Democrat Diane Mitsch Bush is booking more than $1.8 million in fall television advertising across every market in the sprawling 3rd Congressional District, where the former state lawmaker is facing Republican Lauren Boebert.
The race for the open seat has drawn national attention since Boebert toppled five-term incumbent U.S. Rep. Scott Tipton in the GOP primary.
Mitsch Bush's TV buy, announced Wednesday by her campaign, amounts to twice what she spent on paid media in the 2018 election, when she lost a bid to unseat Tipton, and is the largest ad reservation placed so far this year by a Colorado congressional candidate.
“I’m excited to share more about my vision for Colorado’s 3rd District in the closing months of this campaign,” Mitsch Bush said in a statement.
Added Mitsch Bush: “I have heard from Coloradans across this district about the need to lower skyrocketing health care costs, protect people with pre-existing conditions, defend our public lands, and create an economy that works for everyone.”
A spokeswoman for Boebert's campaign, which has been on the air with modest ad buys since late July, dismissed the significance of the Democrat's announcement.
“Diane spent that much in 2018 to prove she could lose, and she’s going to prove it again," Laura Carno, Boebert's communications director, told Colorado Politics.
Mitsch Bush spent just over $1.8 million total in the last cycle on the way to an 8 percentage point loss to Tipton in the Republican-Leaning district, which covers the Western Slope, Pueblo County and the San Luis Valley in southern Colorado.
An internal poll released last week by the Mitsch Bush campaign shows a neck-and-neck race with Boebert, a first-time candidate who has pitched herself as the antidote to Democrat Alexandria Ocasio-Cortez, the outspoken New York congresswoman known as AOC.
A spokesperson for Mitsch Bush said the campaign is reserving ad time on broadcast and cable in all four of the media markets that serve the district — Denver, Grand Junction, Colorado Springs and Albuquerque, which reaches parts of southwestern Colorado. In addition, the campaign plans to run radio and digital ads on top of the TV buy, Caleb Cade told Colorado Politics.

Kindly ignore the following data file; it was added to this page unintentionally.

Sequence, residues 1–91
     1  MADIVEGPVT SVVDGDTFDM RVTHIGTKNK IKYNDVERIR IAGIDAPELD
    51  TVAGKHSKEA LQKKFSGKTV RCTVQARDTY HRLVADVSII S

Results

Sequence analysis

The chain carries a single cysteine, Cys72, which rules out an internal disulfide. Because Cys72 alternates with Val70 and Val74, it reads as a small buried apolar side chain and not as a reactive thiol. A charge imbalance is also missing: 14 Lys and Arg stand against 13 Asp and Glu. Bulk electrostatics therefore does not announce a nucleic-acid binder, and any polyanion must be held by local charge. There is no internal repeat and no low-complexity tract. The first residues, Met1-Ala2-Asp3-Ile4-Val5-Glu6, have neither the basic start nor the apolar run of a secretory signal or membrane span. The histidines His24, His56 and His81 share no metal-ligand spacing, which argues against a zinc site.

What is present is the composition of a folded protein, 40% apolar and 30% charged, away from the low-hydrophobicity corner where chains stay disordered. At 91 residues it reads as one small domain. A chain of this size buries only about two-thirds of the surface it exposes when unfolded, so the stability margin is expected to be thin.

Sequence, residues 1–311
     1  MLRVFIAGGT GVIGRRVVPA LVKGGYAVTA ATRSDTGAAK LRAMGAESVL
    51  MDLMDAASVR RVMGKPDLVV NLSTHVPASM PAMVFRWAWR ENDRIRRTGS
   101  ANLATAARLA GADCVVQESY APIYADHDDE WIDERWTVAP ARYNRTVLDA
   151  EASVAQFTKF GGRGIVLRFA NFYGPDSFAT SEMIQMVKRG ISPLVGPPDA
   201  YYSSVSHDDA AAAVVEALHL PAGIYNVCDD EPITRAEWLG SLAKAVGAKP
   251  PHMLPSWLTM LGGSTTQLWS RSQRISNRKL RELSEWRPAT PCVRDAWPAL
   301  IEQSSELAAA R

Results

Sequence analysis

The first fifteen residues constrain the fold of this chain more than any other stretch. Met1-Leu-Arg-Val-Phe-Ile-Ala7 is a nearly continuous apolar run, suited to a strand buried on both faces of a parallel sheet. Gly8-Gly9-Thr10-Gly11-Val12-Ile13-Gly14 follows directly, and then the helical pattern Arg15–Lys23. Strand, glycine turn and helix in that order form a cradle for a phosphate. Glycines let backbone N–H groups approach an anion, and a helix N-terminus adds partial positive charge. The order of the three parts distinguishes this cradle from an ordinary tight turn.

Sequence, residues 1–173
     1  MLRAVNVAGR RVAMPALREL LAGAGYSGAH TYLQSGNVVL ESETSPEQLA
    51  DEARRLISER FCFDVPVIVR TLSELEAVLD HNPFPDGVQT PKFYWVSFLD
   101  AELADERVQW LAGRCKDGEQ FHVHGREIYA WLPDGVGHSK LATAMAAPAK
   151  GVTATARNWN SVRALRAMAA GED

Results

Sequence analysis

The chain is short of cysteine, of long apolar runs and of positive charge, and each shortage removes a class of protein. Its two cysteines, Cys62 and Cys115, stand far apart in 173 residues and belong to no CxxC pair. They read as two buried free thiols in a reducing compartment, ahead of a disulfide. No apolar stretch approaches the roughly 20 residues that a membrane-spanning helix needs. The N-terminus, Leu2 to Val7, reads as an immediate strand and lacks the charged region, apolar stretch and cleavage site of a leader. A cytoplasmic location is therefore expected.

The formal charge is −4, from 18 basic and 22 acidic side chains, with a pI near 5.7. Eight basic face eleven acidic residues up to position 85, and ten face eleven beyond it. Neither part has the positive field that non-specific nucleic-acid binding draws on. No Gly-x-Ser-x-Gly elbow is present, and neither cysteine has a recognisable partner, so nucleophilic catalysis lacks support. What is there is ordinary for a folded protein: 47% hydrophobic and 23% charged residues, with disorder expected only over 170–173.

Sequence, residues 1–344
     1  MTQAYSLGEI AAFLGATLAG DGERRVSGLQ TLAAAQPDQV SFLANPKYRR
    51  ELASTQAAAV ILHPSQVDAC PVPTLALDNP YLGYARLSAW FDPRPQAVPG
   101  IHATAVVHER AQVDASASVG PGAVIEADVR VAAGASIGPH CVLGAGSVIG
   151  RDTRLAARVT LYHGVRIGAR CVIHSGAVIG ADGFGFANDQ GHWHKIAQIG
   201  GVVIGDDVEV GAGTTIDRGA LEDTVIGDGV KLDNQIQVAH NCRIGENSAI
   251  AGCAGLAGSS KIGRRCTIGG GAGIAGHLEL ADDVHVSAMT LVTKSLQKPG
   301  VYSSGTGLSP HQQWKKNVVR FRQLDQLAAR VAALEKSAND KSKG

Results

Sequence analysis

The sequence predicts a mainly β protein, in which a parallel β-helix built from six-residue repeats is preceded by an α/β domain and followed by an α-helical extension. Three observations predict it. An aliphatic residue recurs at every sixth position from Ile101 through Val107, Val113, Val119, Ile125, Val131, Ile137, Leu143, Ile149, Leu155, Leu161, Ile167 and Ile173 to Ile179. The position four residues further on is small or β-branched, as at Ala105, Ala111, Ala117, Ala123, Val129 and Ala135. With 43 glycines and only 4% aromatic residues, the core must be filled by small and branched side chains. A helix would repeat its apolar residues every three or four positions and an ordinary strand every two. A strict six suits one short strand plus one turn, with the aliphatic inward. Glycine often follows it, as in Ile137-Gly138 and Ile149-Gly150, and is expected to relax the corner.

The announcement came days after the Democratic Congressional Campaign Committee added Mitsch Bush to its "Red to Blue" program for competitive challengers in GOP-held district. On Monday, EMILY's List, a national organization that raises money for Democratic women candidates, said it was backing Mitch Bush.
Mitsch Bush went on the air last week with a 30-second spot contrasting the Democrat's bipartisan record in the legislature with Boebert's statement that she's "tired of compromise."
The current Mitsch Bush ad also says Boebert wants to repeal the Affordable Care Act, though the Boebert campaign disputes this contention, despite a steady stream of attacks she leveled at Tipton during the primary for failing to repeal the law, known as Obamacare.
Through the most recent reporting period ending June 30, Mitsch Bush had raised $1.1 million and had about $200,000 cash on hand. Boebert took in just over $150,000 and had about $10,000 in the bank.
Both campaigns say their fundraising has taken off like gangbusters since they won their parties' nominations on the same day as the last quarter ended.